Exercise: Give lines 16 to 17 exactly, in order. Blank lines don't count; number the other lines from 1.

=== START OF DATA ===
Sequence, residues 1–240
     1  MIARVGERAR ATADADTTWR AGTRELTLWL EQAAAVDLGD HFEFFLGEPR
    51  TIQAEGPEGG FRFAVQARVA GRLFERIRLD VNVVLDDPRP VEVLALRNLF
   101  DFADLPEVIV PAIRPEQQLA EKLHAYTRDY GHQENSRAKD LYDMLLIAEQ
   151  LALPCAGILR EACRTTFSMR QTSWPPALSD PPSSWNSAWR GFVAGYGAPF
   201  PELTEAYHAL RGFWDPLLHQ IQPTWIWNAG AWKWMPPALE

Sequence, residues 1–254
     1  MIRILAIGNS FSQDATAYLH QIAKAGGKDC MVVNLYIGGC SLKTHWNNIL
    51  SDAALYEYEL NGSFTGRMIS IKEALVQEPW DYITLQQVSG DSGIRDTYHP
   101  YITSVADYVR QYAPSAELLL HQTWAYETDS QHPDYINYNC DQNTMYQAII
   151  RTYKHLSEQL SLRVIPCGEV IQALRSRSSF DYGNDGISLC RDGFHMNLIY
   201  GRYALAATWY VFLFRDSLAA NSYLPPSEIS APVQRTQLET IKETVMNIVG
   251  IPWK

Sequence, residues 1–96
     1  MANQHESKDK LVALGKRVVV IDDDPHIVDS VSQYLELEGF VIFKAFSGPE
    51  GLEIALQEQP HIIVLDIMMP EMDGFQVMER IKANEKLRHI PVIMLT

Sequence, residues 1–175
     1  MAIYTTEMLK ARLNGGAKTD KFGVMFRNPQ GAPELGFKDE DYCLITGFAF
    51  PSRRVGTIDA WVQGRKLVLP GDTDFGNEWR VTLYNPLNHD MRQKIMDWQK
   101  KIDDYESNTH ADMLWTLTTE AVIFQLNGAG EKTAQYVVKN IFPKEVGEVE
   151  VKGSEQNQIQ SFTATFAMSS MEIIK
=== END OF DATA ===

    51  GLEIALQEQP HIIVLDIMMP EMDGFQVMER IKANEKLRHI PVIMLT

Sequence, residues 1–175